I was not born with the shopping gene. My heart is not set aflutter by the spectacle of newly pressed clothes on neatly lined racks. I have never enjoyed the full-length mirrors in changing rooms, the small talk with sales assistants, the art of matching skirt with top. Shopping has just never been my thing – until recently. Until my dad, bless his carefully selected cotton socks, appointed himself my stylist.
When he comes to town, we go to a department store together and he picks out clothes for me. We’re quite a sight: young woman lost in the infinite rows of outfits, her father walking just ahead of her, laying out dresses and blazers and jeans on his cocked arm as he commentates on what colours, cuts and angles might suit me. Cold colours are out, I’m told, on account of my pale skin and light eyes. Warm colours are a go. The usual sorts of floaty fabrics I’m attracted to by nature are out; they’re unflattering and belie my age. Instead, it’s all about fitted items, things that actually sit on my body properly, snugly. He piles clothes up, I disappear into a changing room, and he passes things over the curtain. He’s brutally honest about what suits me, too. He will tell me, with a look, if something doesn’t work and I appreciate that.
My dad is a surprisingly talented stylist. It’s not exactly the standard role for a father to play, but he does it with an almost impossibly endearing commitment. He takes pride in it, too, like helping me dress well is a vital part of my growing into my 30 years of age. It’s also a little bit laced with emotion, I think, for both of us. My dad’s mother, my grandmother, died before I was born but my mental picture of her is of a stern-but-kind, good-looking woman in a fitted skirt suit with lashings of bold red lipstick. She was a nurse, but she was always, I believe, impeccably dressed. Dad adored his mother; he was the eldest and they had something special between them. I think he measures every woman in his life against her, trying, I suppose, to invoke her memory. He is very proud of me when I wear red lipstick, which I do sometimes deliberately to please him, because I think it’s like a little tribute to the grandmother I never got to meet. So, when he dresses me in London department stores, I can’t be sure but I’d take a pretty bold guess that he’s picking out things she might have worn; things she might have liked to see her granddaughter wear. It makes me all the happier to put on whatever he picks out for me.
And he has flawless taste. He has never, not once, picked out something hideous for me. It’s all my sort of thing: navy, sky blue, pale pink, lilac. He encourages me to get investment pieces, too, proper-nice clothes that will last years and make my wardrobe a little bit more dignified (otherwise, I’m known to hold onto clothes from five summers ago that are barely holding it together – in fact, as I write this, I’m wearing a dress my sister gave me after wearing it for years herself). There’s one piece in particular that makes me think of Dad when I wear it: a navy blue blazer with black leather trim. I actually went through a phase this winter where it was the only thing I wore on nights out: that blazer, navy jumper, jeans, boots. It became my socialising uniform and I felt smart in it, with this secret added delight of knowing I was styled by my dad.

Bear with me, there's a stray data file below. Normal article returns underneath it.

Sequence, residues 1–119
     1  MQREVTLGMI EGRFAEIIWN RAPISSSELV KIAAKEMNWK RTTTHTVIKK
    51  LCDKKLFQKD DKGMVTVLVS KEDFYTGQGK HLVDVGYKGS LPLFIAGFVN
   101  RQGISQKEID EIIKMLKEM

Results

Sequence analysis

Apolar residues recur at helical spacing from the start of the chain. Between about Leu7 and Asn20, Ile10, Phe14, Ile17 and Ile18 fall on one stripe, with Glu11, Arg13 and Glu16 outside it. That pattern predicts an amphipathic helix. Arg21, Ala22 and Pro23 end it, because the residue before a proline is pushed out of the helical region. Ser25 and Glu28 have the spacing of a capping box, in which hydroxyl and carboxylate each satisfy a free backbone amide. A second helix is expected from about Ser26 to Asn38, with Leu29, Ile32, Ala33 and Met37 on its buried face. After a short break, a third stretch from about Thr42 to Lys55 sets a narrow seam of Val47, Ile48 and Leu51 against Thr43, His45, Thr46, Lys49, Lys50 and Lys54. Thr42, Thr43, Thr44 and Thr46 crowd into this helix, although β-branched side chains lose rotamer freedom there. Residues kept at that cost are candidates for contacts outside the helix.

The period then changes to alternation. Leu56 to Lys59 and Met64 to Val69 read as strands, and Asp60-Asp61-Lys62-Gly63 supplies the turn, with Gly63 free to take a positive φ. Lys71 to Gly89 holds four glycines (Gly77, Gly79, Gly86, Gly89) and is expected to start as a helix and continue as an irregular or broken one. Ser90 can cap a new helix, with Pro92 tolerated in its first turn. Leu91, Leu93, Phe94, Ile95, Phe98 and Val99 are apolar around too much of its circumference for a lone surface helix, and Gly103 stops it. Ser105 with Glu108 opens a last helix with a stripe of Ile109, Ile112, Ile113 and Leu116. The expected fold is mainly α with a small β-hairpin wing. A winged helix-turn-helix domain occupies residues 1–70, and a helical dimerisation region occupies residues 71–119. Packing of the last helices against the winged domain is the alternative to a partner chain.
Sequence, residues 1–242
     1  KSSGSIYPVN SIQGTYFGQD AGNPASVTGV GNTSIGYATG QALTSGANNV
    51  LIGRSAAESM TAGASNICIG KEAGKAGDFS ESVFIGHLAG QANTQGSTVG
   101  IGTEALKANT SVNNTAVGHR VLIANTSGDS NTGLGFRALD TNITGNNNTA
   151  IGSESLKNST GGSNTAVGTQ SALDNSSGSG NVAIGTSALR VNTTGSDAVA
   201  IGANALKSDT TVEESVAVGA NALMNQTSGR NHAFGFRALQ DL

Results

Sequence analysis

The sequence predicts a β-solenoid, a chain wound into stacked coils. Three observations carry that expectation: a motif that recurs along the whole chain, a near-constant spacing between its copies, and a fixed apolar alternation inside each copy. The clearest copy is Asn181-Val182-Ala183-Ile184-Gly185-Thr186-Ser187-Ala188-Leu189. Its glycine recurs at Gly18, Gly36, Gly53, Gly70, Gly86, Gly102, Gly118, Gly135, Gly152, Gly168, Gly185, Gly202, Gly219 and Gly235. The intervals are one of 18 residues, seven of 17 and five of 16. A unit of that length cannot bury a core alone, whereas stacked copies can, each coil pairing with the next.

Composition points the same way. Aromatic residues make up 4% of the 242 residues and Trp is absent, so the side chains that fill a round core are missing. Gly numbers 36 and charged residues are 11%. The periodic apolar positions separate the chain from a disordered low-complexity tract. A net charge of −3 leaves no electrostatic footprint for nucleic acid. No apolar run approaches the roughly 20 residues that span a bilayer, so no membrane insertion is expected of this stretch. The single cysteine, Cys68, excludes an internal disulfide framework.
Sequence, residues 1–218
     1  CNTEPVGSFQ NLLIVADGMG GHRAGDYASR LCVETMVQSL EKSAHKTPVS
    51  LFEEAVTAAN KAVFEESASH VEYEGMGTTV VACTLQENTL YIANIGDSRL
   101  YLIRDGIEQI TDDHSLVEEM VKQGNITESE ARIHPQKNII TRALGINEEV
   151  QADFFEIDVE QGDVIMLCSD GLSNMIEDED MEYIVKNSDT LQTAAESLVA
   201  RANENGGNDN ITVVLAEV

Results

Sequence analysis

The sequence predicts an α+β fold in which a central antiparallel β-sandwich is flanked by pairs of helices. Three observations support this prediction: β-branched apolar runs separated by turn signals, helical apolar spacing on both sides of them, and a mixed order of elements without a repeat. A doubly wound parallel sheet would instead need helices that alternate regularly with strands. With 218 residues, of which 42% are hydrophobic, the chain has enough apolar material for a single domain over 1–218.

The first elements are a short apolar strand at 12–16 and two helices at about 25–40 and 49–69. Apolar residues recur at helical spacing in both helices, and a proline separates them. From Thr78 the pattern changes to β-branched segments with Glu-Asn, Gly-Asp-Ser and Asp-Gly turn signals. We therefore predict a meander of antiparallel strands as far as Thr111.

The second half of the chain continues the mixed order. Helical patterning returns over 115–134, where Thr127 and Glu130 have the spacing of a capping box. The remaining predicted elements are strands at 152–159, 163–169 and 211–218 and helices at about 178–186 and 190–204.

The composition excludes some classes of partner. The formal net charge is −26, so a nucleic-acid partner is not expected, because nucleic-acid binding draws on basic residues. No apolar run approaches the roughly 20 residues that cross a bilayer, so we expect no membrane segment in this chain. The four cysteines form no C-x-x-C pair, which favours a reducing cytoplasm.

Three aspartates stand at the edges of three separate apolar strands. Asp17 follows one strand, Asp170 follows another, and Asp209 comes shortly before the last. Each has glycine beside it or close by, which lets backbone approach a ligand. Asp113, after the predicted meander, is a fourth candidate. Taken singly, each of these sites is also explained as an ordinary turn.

We don’t just shop when we get together, either. We talk. We talk in a way we don’t always get to do, living so far away from one another and otherwise joined by the rest of the family. Shopping time is, for me, some very rare one-on-one, father-daughter time and we don’t waste it just talking about whether I can pull off a jumpsuit. We talk about important things, things that don’t come up over dinner or on the phone. We talk about whether I’ll marry my boyfriend, when I think I might be ready to have kids, why I’m scared of being pregnant, what form my depression takes, what insomnia feels like when it stretches on for weeks, what my next book might be about, his time living in London in his 20s, his feelings about being a grandfather, his thoughts on Jeremy Corbyn and the wellbeing of various members of our family. It’s just this very lovely time where emotional candour and fashion overlap.
Fathers and daughters can have complicated relationships sometimes, and I guess all you can do is try to find a way to connect that belongs just to you. We have found that, oddly enough, on the women’s fashion floor in London department stores. I adore my father. My greatest fear, my most tender worry in life, is one day having to live in a world without him in it. He is one of my favourite human beings and I cherish spending time with him – it’s just funny, to me, that the setting for our bonding would be in a clothes shop. He still does classic dad stuff – pulls his pyjama pants up past his waist, hoards old novelty caps – but he’s a very well dressed man and I guess he’s trying to pass that on to me. I wouldn’t employ the services of another stylist in all my life.